The move I love to hate: Snowboarder Arielle Gold's weighted squat jumps

Snowboarder Arielle Gold is a proven fighter: At the Pyeongchang Olympics last year, she clawed her way back from last place to land on the podium with a bronze medal.

This year, with three years before the next Olympic Games, Gold's goal is to focus on having fun snowboarding. "Last season was really intense for me, so I'm looking at this year as an opportunity to get back on my snowboard and enjoy some riding with friends while continuing to progress as much as possible," she said.

She shared a move that helps to train the explosiveness and fast-twitch muscles she depends on when she's on the halfpipe.

What it is: Weighted squat jumps

How to do it: You can do this exercise with or without weight. If you have never done squat jumps before, I would recommend starting without weight, and working your way up to a 45-pound bar. I never go much higher in weight than that, as I prefer to do more reps with less weight and better form.

Hold the bar behind your head and sit back into a squat, then explode up off the ground. Land with your knees slightly bent and immediately squat and jump again.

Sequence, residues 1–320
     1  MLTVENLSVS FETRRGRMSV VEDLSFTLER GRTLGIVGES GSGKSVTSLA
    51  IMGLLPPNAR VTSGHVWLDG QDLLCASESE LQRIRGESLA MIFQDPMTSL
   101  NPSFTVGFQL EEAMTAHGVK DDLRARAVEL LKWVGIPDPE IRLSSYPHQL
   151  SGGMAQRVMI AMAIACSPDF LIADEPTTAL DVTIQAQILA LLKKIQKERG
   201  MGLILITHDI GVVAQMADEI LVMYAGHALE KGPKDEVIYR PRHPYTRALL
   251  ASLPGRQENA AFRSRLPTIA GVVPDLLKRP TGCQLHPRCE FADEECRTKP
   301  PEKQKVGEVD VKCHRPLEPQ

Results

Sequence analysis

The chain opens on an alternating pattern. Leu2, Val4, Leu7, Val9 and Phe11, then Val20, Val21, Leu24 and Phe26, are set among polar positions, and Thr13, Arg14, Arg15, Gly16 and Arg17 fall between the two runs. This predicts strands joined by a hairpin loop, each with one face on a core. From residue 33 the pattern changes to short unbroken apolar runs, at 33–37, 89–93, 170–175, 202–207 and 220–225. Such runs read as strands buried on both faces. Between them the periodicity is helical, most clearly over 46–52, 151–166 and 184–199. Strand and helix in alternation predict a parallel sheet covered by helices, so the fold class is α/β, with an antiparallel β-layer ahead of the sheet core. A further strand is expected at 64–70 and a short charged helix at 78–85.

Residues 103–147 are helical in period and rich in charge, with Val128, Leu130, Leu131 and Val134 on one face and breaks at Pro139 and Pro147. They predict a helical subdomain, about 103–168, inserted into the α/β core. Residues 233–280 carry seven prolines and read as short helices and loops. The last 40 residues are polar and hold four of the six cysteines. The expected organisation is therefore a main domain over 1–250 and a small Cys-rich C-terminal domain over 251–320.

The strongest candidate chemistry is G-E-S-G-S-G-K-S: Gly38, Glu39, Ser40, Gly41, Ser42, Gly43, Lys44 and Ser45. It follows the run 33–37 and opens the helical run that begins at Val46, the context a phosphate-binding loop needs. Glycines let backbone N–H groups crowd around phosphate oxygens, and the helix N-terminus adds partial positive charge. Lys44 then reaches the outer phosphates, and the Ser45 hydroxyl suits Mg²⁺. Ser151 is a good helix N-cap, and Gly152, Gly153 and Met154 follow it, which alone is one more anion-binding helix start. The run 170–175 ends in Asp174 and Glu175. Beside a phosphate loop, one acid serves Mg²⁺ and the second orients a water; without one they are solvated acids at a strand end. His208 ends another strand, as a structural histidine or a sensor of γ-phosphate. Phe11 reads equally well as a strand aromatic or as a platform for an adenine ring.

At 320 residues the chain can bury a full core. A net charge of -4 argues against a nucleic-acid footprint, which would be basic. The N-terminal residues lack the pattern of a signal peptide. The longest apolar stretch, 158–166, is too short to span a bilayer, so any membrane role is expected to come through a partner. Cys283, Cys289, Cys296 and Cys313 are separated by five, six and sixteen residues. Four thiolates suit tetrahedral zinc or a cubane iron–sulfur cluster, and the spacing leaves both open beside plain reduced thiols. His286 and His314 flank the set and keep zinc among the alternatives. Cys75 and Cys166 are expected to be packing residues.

For this exercise, it's important to keep your core engaged and back flat. I try to go about as deep as I can go without breaking form.

When I do it: I usually do this exercise about once a week, and use it as a warm-up for weighted squats. It's great because it gets my legs moving, and I can do it on the same squat rack, as I'll be putting weight on for the next exercise.

Why I do it: I like doing this particular exercise because it helps build power in my legs, which is really important for snowboarding. As snowboarders we deal with a lot of G-forces, so it's important to have strong legs that can resist those kinds of forces.

Why it's so killer: Typically I do three sets of 10, so that in itself will get your heart rate up. It's an awesome exercise because it's a combination of strength and plyometrics -- the bar helps to improve strength, and the repeated jumps mimic most plyometric exercises. This exercise builds power in both your legs and back, and helps tune fast-twitch muscles that are essential for staying safe in snowboarding, as well as other high-risk sports.

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